What’s the Deal with Protein?

When I first started Clean Eating and following my Clean Eating plan, I remember my husband saying so many times ‘ but why do you need to go on about protein all the time?, you’re not a body builder’ and I really think a lot of people think this way. Whenever I mention that I eat  5 or 6 times a day and always include protein at every meal, I get some very strange looks! So I wanted to talk about why I think Protein is so important in my quest to get Lean!

57e8fcb0-7281-4290-ba96-4eff0988a6b1Protein is always associated with big burly body builders and you always hear guys talking about increasing muscle mass by drinking protein shakes, it’s all protein, protein, protein…..but apparently not if you’re a Woman! There is some major misunderstanding and bad misconceptions out there, but the bottom line is; Women need protein just as much as Men .

Why is Protein So Valuable?

A diet high in protein helps to create a lean body by building muscle, aiding in muscle recovery, and repairing and maintaining your muscles. While your body is building muscle, it uses more calories which in turn increases your metabolism. And as you increase muscle, you lose fat. Hey presto!

Protein is also very important because it fills you up and makes you feel satisfied. This is because it takes longer to digest. Because it takes longer to digest, your body effectively burns more calories to process it as it  has to work harder.

Protein is also valuable for protecting the immune system and for hormone growth. It is therefore a pretty essential nutrient.

What is Protein and How do I get it?

Protein is made up of a complex chain of amino acids. There are 20 amino acids all together but some of them cannot be made by the body so they must be found from food sources. A source of protein is only said to be ‘a complete protein’ if it is made up of all of these amino acids and only ‘complete’ proteins can build muscle.

Complete Proteins are generally derived from animal foods (meats, fish, poultry, milk and eggs). Proteins derived from plant foods (legumes, seeds, grains, and vegetables) such as chickpeas, black beans, pumpkin seeds, cashews, cauliflower, quinoa, pistachios, turnip greens, black-eyed peas, and soy are all excellent sources of protein but may be missing one amino acid so in theory should be paired with another source to make a complete protein.  This is where it gets confusing trying to figure out what to pair with what, but rather than over analysing things, I figure that if you ensure you are eating foods from each of the groups (legumes, seeds, grains and vegetables) at different meals throughout the day, your protein intake for the day will be sufficient to ensure you are getting all the amino acids you need to grow your muscles.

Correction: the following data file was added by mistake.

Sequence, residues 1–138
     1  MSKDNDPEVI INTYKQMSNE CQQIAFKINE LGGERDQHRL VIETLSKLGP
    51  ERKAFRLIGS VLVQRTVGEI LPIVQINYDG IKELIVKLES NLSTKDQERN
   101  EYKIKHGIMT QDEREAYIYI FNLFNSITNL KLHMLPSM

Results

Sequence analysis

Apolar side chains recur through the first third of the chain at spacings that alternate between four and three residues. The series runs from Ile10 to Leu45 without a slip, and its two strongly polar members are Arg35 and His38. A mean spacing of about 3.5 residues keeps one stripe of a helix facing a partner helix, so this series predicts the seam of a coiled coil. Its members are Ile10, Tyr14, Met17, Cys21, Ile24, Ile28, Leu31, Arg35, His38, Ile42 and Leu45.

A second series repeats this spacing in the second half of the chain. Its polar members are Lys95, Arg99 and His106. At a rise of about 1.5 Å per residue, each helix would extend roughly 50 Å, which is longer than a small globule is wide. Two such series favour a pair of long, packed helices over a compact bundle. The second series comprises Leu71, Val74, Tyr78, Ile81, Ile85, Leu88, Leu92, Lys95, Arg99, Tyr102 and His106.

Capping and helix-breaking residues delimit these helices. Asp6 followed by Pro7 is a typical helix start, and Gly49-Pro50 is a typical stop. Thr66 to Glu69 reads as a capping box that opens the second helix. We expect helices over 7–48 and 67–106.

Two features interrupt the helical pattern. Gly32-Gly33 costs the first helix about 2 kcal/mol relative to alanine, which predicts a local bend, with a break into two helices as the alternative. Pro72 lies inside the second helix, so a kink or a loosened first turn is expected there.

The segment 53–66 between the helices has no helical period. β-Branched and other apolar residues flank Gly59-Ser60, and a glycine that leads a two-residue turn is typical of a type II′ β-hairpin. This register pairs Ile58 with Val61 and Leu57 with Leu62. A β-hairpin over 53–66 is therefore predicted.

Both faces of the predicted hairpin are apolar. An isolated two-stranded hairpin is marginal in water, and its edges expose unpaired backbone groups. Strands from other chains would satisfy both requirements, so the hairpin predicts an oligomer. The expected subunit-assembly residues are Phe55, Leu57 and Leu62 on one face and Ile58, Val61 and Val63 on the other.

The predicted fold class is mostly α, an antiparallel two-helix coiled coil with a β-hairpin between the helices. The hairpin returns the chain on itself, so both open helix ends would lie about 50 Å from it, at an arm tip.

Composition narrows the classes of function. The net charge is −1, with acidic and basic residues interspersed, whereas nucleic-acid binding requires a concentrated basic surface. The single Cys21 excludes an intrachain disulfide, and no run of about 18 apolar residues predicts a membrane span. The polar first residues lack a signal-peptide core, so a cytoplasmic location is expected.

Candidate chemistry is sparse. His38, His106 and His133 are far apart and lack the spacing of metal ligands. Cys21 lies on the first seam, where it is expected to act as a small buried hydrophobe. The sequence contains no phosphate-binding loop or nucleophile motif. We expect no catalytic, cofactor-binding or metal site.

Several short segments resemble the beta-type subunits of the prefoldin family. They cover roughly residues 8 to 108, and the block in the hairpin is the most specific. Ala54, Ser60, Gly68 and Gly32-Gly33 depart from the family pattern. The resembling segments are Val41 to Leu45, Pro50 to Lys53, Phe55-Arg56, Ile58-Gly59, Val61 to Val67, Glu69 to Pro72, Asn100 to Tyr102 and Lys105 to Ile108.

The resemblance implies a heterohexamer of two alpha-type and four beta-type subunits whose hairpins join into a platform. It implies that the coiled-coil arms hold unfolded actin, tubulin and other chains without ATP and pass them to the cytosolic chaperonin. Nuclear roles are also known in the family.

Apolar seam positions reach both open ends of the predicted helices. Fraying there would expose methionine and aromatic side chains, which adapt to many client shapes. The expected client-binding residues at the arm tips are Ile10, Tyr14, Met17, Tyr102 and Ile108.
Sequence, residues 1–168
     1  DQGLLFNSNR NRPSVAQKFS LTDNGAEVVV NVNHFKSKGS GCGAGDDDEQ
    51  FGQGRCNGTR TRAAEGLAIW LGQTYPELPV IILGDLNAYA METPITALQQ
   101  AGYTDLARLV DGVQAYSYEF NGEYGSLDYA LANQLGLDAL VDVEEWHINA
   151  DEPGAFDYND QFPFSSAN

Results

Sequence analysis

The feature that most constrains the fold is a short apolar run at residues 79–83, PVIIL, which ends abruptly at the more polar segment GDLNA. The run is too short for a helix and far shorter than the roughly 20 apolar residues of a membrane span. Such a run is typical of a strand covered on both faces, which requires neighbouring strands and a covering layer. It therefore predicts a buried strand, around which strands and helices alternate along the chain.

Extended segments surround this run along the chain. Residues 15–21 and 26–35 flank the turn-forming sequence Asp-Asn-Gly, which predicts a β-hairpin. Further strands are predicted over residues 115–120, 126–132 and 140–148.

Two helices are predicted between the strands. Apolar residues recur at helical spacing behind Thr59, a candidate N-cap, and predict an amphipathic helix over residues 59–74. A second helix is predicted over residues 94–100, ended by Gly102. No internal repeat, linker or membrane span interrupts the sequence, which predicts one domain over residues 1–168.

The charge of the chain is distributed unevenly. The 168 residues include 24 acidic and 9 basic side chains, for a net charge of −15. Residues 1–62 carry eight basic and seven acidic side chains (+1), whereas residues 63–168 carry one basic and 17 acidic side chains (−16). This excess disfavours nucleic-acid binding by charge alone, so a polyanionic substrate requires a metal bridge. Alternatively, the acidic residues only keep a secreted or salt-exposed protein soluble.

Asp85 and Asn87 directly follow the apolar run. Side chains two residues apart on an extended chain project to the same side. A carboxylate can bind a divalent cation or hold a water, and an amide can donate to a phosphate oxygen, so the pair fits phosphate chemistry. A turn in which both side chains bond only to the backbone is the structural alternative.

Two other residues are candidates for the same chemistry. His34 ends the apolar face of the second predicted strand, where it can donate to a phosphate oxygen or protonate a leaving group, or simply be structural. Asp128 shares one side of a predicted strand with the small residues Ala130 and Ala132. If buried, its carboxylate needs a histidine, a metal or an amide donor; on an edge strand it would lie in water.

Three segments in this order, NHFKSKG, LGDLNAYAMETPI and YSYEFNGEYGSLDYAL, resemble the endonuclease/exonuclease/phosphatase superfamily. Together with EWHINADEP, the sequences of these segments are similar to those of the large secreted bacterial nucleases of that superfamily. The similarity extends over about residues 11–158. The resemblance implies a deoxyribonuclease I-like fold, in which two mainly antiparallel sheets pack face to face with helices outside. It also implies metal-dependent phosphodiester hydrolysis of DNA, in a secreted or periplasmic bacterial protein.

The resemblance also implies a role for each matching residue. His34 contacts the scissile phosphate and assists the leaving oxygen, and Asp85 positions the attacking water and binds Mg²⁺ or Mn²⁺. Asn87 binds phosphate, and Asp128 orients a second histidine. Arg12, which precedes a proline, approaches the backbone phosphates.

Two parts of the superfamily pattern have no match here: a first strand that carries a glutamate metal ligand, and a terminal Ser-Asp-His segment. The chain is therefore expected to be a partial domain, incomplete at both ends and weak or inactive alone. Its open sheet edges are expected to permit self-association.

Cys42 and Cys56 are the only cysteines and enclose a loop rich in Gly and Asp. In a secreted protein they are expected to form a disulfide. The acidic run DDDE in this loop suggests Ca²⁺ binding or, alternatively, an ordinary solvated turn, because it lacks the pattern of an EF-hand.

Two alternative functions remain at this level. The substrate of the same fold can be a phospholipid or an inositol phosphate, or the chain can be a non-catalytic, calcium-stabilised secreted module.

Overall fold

How much Protein do I need and When do I need it?

Again, as with everything to do with food and nutrition there are many schools of thought on how much Protein we actually need. But from everything I’ve read the general rule of thumb for women who work out regularly is that they should aim to consume  about 0.8g of protein for each lb that they weigh. So if I weigh 110lbs I should be eating about 90g of protein a day.

As protein isn’t stored in the body like fat or carbs, it needs to be eaten regularly which is why I aim to eat 5 or 6 times a day about every 3 (ish) hours. This then provides a steady stream of amino acids which help to maintain the muscles you work so hard to build. To achieve that lean body we are all aiming for, we need to keep the lean muscle mass while losing fat. So if you work out how much you should be having during the day divide it by 5 or 6 meals and that’s how much protein you should have at each meal.

So to get a protein intake of about 15-20g per meal you would need approx.:

  • 100g Fillet of Salmon
  • 1 Cup of Edamame Beans
  • 1 Scoop of Whey Protein Powder
  • 85g Serving Turkey Breast
  • 3/4 Cup Greek Yogurt
  • 1 Cup Broad Beans
  • 1 Good Quality Protein Bar
  • 100g Chicken Breast
  • 1.5 Cups Black Beans
  • 4 Egg Whites
  • 1 Cup Quinoa
  • 3 Large Eggs
  • 1 Cup Lentils
  • 1.5 Cups Chickpeas

It is also helpful to get a good dose of protein fairly quickly after a strength or resistance training session ideally within about 30 minutes. This is because as you train your muscles you break down the tissue which makes them much more receptive to the nutrients they need to repair and grow. You need to give the body protein to supply the amino acids needed for recovery.

So ultimately if you want to advance in your workouts and obtain the body of your dreams, enjoy regular meals of protein rich foods and don’t let anyone tell you that because you’re a woman you don’t need it!




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